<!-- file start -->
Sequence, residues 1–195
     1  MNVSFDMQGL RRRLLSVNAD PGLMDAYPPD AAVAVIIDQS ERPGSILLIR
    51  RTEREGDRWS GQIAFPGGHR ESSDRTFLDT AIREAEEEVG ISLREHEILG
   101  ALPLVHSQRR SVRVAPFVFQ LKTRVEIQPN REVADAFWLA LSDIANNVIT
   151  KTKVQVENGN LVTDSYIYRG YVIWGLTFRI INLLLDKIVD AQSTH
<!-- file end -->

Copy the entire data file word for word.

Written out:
Sequence, residues 1–195
     1  MNVSFDMQGL RRRLLSVNAD PGLMDAYPPD AAVAVIIDQS ERPGSILLIR
    51  RTEREGDRWS GQIAFPGGHR ESSDRTFLDT AIREAEEEVG ISLREHEILG
   101  ALPLVHSQRR SVRVAPFVFQ LKTRVEIQPN REVADAFWLA LSDIANNVIT
   151  KTKVQVENGN LVTDSYIYRG YVIWGLTFRI INLLLDKIVD AQSTH